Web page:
Tutorials

Anim State Graph Blending

Click on screen to focus, then press the 'p' key to blend to a punch animation

This tutorial illustrates the basics of animation blending. Objects in your scene may be animated; machines or characters are good examples of things that you might want to animate. Generally, when 3D content is created, individual animations are authored and these animations are typically referred to as cycles (because they loop). For example, a human character could have an idle cycle, a walk cycle, a run cycle and so on. As a PlayCanvas developer, you'll want a mechanism to play these animations back on your animated object. Additionally, you do not want these animations to 'pop' as one is switched for another. To remedy this, you should use animation blending which implements a smooth transition from one animation to another. This dramatically improves the visual fidelity of your animated object. Let's examine how this is achieved via PlayCanvas...

The Animstategraph Asset

In order to add animations to a model, we must first create an animstategraph asset. These assets control multiple animations associated with a single entity, determine when each of those animations should play and how they should be blended together.

When creating an animstategraph asset, you’ll be presented with its editor:

Initial Editor

By default, the animstategraph asset creates a single animation state called ‘Initial State’ which has a default transition from the START state to it. This means when the animstategraph first begins playing, it’ll immediately begin playing the Initial State. This can be renamed to Idle which is the name of the initial animation used in this tutorial. We can then right click the canvas and select Add new state to create another animation state in the graph. This state can be renamed to Punch:

New State

Next we must tell the state graph how and when it should move between the Idle and Punch animation states. This is achieved by creating transitions. Right click the Idle animation and select Add transition from the context menu, then select the Punch animation state. This will create a transition moving from the Idle state to the Punch state.

Add Transition

Selecting this transition will show the transition inspector in the panel to the right. Here the duration of the transition can be set, which will determine how long the blend between the two animations should last. We’ll set this to 0.2 seconds.

Next, we can set up a parameter which will determine when this transition can activate. First select the + parameter on the parameters panel to the left. Then name this parameter punch and set it to the ‘Boolean’ type.

Add Parameter

This parameter can now be set as a condition for the transition we just created. Select this transition then select New Condition in the transition inspector.

Set this transition to test against the newly created punch parameter and set the condition to ‘== true’ as follows:

Add Condition

This will ensure that the transition from the Idle state to the Punch state only occurs once the punch parameter has been set to true.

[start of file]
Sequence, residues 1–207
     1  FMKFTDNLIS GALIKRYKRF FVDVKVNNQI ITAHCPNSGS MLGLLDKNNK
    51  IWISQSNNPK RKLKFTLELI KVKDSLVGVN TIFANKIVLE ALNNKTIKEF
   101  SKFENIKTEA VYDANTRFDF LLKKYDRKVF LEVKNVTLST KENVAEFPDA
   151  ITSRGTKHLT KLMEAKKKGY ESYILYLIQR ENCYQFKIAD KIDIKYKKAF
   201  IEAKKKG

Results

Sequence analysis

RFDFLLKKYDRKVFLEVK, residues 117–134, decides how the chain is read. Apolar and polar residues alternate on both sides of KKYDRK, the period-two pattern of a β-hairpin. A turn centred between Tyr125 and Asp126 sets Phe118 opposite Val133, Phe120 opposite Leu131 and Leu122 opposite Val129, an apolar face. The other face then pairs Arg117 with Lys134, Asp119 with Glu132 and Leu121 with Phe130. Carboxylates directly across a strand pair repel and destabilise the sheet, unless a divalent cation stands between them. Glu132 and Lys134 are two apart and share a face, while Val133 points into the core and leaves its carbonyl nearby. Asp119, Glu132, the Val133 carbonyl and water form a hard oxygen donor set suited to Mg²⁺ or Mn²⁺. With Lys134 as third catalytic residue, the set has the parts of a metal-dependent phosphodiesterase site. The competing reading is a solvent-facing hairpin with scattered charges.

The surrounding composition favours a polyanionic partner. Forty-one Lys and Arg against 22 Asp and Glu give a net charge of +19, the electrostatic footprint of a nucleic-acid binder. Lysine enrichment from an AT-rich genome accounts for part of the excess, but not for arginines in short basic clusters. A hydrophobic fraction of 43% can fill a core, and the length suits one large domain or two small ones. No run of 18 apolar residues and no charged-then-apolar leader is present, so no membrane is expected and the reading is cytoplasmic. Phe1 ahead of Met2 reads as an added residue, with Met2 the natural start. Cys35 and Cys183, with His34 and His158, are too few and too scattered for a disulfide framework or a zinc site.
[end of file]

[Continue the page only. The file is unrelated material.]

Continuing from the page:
Lastly, we need to create one more transition moving back from Punch to Idle as follows:

Complete State Graph

Here we have set it up with the same duration but its condition tests whether the punch parameter is no longer true.

Now with this complete animstategraph, we must connect it to animation assets and the chosen entity. This is where the anim component comes in.

The Anim Component

First, we must add the anim component to our chosen entity.

New Anim Component

Once created it’ll display a slot for the animstategraph asset we just created. Drag this in and it’ll display animation slots for each of the animation states present in it. In this case it’ll have slots for the Idle and Punch states. Fill these slots with the appropriate animation assets and the anim component will become playable:

Complete Anim Component

Keyboard Input

With the animations fully set up, we now need to make it possible for users to interact with our system. This is where scripts come in! A script component is required to enable this behavior which will be written in the script keyboard_controls.js. You can see how it’s attached to the entity below:

Keyboard Input

Remember that parameter punch that we set up before? This script will simply toggle that parameter on and off depending on whether the ‘P’ key is currently pressed and whether the character is currently punching:

var KeyboardControls = pc.createScript('keyboardControls');

// initialize code called once per entity
KeyboardControls.prototype.initialize = function() {
    this.app.keyboard.on(pc.EVENT_KEYDOWN, this.keyDown, this);
    this.app.keyboard.on(pc.EVENT_KEYUP, this.keyUp, this);
};


KeyboardControls.prototype.keyDown = function (e) {
    if ((e.key === pc.KEY_P) && (this.entity.anim.baseLayer.activeState !== 'Punch')) {
        this.entity.anim.setBoolean('punch', true);
    }
};

KeyboardControls.prototype.keyUp = function (e) {
    if ((e.key === pc.KEY_P) && (this.entity.anim.baseLayer.activeState === 'Punch')) {
        this.entity.anim.setBoolean('punch', false);
    }
};

From this point, you are able to add more and more animations to the animstategraph asset and start building much more complex animation state graphs!

See the full Scene here